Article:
Christian! wouldest thou be an imitator of Abraham, and let the God who spake to him speak to thee? Remember it is not so easy to receive and claim this promise. Abraham received it in the way of faith and obedience and self-sacrifice, in the entire surrender to God's will and leading. It was when he had sacrificed Isaac, yea more, when in doing so he had sacrificed himself, that this promise was given him with an oath. God will speak to thee as truly as to Abraham. Learn with him to go out of thy country and thy home; give thyself to God's leading; be prepared to sacrifice all. God will meet thee too with His double blessing. And thy heart will become strong to hear His voice," Blessing / will bless, multiplying I will multiply." And it will be true of thee as of Abraham: And thus, having patiently endured, he obtained the promise. We shall not only be the heirs, but the actual inheritors of the promise.

1. lt is after the most terrible warning this promise comes. Until the slothful Christian is roused the most precious promise finds no entrance. When he is roused. lt is the preaching of the promise in lts fulness will gioe him courage and strength.

2. Dovs your heart condemn you, and do you fear that there is but little hope of your becoming a bright, growing, holy child of God, blessed and made a blessing? Come and learn from Abraham the secret, God spake to him! Listen to God. Let God speak to you, follow where He leads, obey what He commands. He will bring you to the place of blessing, the place of the revelation of Himself.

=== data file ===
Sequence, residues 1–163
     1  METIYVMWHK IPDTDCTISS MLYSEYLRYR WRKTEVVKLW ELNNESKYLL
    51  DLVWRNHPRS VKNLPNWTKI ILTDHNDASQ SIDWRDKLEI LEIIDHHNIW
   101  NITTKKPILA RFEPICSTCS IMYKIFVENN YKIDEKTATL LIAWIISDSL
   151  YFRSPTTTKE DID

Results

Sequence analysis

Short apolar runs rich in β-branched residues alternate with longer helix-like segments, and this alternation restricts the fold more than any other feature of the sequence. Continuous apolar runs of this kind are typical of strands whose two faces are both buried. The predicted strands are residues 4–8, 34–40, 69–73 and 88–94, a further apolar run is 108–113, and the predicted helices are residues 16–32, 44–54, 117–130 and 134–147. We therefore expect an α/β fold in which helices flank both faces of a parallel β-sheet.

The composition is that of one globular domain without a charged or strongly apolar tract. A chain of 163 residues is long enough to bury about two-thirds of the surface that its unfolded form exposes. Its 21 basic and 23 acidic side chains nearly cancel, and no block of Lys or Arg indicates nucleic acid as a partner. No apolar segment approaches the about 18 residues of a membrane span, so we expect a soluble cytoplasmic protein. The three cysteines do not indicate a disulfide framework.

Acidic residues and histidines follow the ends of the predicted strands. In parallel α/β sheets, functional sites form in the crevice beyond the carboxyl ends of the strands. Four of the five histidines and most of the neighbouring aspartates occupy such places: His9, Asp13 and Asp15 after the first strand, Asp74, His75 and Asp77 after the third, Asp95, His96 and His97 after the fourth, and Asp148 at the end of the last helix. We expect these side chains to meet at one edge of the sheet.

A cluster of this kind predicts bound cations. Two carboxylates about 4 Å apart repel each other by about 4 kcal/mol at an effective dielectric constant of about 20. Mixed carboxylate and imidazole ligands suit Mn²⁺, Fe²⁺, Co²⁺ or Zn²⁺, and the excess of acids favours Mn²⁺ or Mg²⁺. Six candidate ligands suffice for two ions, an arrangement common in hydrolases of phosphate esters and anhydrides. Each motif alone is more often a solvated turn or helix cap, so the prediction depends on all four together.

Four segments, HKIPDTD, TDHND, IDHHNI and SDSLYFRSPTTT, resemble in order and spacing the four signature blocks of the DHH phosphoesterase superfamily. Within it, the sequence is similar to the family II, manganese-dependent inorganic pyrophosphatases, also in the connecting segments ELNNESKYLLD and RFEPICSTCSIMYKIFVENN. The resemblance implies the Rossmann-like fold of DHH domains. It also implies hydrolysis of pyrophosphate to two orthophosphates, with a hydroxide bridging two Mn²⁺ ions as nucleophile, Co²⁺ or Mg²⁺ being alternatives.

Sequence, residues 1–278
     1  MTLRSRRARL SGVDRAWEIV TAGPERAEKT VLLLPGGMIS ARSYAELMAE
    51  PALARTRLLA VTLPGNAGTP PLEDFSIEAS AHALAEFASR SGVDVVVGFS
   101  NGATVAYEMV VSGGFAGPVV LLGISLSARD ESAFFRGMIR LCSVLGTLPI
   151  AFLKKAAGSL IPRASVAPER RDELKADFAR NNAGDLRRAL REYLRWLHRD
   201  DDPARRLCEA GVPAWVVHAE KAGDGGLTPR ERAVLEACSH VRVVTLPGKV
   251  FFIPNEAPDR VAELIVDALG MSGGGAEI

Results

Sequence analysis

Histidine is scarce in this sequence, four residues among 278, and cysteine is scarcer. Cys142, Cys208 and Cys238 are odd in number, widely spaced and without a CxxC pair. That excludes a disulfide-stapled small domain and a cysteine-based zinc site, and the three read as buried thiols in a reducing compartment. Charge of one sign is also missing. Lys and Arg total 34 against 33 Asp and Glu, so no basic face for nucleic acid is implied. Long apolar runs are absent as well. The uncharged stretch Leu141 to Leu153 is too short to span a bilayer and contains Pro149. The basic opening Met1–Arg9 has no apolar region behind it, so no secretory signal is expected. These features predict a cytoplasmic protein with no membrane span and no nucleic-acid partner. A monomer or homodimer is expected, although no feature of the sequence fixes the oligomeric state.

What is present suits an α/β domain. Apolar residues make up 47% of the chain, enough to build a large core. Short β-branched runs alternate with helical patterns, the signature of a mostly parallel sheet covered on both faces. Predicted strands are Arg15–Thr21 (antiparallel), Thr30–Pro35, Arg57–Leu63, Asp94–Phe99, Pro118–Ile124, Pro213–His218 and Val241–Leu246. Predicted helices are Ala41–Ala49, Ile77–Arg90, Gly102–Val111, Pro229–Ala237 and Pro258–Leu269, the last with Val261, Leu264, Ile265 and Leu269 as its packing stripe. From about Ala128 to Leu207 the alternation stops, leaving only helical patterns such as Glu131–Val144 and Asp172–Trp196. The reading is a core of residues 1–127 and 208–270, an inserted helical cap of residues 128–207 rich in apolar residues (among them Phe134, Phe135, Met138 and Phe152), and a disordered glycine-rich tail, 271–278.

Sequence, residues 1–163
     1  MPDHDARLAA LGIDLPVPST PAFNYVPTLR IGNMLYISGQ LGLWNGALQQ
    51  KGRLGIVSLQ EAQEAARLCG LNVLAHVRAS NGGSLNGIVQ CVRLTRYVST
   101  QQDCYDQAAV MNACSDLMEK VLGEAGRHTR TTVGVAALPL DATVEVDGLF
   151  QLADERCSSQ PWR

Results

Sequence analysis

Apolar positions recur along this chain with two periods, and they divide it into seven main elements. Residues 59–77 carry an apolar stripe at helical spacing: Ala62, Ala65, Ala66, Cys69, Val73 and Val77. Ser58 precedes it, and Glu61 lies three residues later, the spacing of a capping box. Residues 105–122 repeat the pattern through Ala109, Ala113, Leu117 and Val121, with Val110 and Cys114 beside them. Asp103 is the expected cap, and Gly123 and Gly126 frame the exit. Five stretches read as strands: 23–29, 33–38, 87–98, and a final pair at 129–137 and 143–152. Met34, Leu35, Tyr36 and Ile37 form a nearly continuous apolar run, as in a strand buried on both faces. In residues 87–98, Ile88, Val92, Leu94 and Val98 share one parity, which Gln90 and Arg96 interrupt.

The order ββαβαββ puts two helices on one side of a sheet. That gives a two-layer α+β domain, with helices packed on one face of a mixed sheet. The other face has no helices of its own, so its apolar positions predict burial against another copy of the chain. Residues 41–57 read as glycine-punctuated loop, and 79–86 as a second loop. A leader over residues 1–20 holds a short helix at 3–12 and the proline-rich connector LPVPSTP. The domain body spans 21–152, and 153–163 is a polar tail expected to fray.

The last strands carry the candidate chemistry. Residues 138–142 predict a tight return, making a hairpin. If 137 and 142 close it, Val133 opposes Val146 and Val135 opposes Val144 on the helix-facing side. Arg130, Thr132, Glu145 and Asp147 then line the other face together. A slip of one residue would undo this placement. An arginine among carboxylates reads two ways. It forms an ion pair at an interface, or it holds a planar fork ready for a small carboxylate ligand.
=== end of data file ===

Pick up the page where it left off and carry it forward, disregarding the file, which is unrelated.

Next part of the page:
3. And put at once into practice the lesson of to-day. Be not discouraged if you feel feeble and cold, and if there appears to be no progress. Listen to God's, Blessing l will bless you. Feed on what God sags. And trust Him to work in you all you need.

4. Are you a worker in God's service? Wait upon God to speak this word to you too, Multiplying I will multiply you. He can make even you a blessing to many. But such a promise needs an vath to find entrance to the heart. Accept and lioe on the vath of God.



VI.—16. For men swear by the greater: and In every dispute of theirs the oath is final for confirmation.

17. 'Wherein God, being minded to shew more abundantly unto the heirs of the promise the Immutability of his counsel, interposed1 with an oath:

18. That by two Immutable things, in which it is Impossible for God to lie, we may have a strong encouragement, who have fled for refuge to lay hold of the hope set before us.

For any serious man it is always a solemn thing to take an oath, and appeal to the omniscient God for the truth of what He says. But there is something more solemn even than taking an oath before God, and that is, God's taking an oath before man. And this is what our writer proceeds now to speak of. He had already spoken of God's oath in His wrath, They shall not enter into My rest. He will in the next chapter point out the deep significance of Christ's appointment as High Priest being confirmed by an oath. Here he wishes to show believers what strong encouragement they have in God's oath to expect most confidently the fulfilment of the promise. lt is this confidence alone that will enable the Christian to endure and conquer.